It’s report card day here in Ohio, and many other states follow suit in publishing accountability records to show how districts are performing. But as EdWeek reports, schools in Colorado are required to add a few extra indicators: things like if a school has a nurse, if students have 30 minutes of physical activity, and other health and wellness items. Supporters say moves like this help to increase the connection between a student’s health and their success in the classroom.


When parents in Colorado check state-mandated reports to see how their child’s school is faring academically, they can also quickly learn if that school has a nurse, if it offers 30 minutes of daily physical activity for students, and if it has a school-based health center.

Read more at: www.edweek.org

Steve Jobs Wasn’t A Big Fan of Screen Time for Kids

It wouldn’t be too much of a stretch to think that Apple’s Steve Jobs would dig his kids heavily using high tech products. But one New York Times reporter says that wasn’t quite the case. Actually, a handful of players in the tech field seem to limit how much time their children log in front of screens.

“My kids accuse me and my wife of being fascists and overly concerned about tech, and they say that none of their friends have the same rules,” 3D Robotics’ chief executive Chris Anderson told the Times. “That’s because we have seen the dangers of technology firsthand. I’ve seen it in myself, I don’t want to see that happen to my kids.”


When Steve Jobs was running Apple, he was known to call journalists to either pat them on the back for a recent article or, more often than not, explain how they got it wrong. I was on the receiving end of a few of those calls.

Read more at: www.nytimes.com

Research Finds Middle Class Students Ask for Help More than Their Working Class Peers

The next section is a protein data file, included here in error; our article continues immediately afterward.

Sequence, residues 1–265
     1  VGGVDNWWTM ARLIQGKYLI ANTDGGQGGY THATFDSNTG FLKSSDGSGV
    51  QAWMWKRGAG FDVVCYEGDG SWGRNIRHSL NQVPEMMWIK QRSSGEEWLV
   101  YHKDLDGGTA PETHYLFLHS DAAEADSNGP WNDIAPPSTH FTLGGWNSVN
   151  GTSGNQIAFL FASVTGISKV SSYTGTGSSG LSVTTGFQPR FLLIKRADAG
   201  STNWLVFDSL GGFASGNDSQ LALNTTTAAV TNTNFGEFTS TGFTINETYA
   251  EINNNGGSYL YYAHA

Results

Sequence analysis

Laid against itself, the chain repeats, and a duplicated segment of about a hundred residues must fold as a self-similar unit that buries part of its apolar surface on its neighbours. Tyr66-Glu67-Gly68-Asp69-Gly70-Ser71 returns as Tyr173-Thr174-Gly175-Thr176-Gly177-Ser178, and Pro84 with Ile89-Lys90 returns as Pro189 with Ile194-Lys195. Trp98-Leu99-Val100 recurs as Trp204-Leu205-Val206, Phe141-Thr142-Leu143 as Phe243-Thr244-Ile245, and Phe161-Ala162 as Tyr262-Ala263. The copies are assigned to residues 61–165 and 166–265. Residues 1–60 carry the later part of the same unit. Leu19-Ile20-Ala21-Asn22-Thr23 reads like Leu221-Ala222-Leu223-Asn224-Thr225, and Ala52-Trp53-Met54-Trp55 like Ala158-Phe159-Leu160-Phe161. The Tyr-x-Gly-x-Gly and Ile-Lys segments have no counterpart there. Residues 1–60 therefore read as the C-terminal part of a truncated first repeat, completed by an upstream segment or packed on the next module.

Class politics can play out in the classroom, too. Our friends at StateImpact Indiana report a new study finds students of middle class families are more willing to ask for help compared to their peers from working class families. A researcher kept tabs on students for two years and looked at student’s behavior in the classroom, along with talking to parents and teachers, and found middle class parents passed along more direct advice on how students should ask for help at school.


Imagine you’re a fourth grade student, sitting in class, and your teacher is introducing a lesson on multiplying a set of two digit numbers. You’re having trouble following along and know you won’t be able to do the homework on your own.

Read more at: indianapublicmedia.org

Changes Hit Ohio’s Community College Funding Formulas

dollar bill cut in half

Images_of_Money / Flickr

A new law that tweaks the way Ohio’s community colleges earn their state funding went into effect earlier this month.

The state’s 23 community colleges will now earn their chunk of state funding based on the amount of students completing courses and eventually graduating, instead of the number of students enrolled.

It’s similar to the funding model the state’s public four-year models implemented earlier this year.

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Teach for America Mulls Changes

Teach for America, an organization that trains recent college graduates to become educators in low-income schools, has faced a fair amount of criticism since its founding in 1989. Critics say the organization doesn’t place a large enough emphasis on criteria like quality teacher training and long-term placements. But for the first time, the organization is considering changes its “quick-prep, short-commitment” model, Vox reports.


Robert Schwartz loved being a Teach for America teacher. After his two-year commitment to the organization was up, he continued to teach for five more years at Stevenson Middle School in East Los Angeles, where he worked with Latino kids living in poverty. He left the classroom a believer.

Read more at: www.vox.com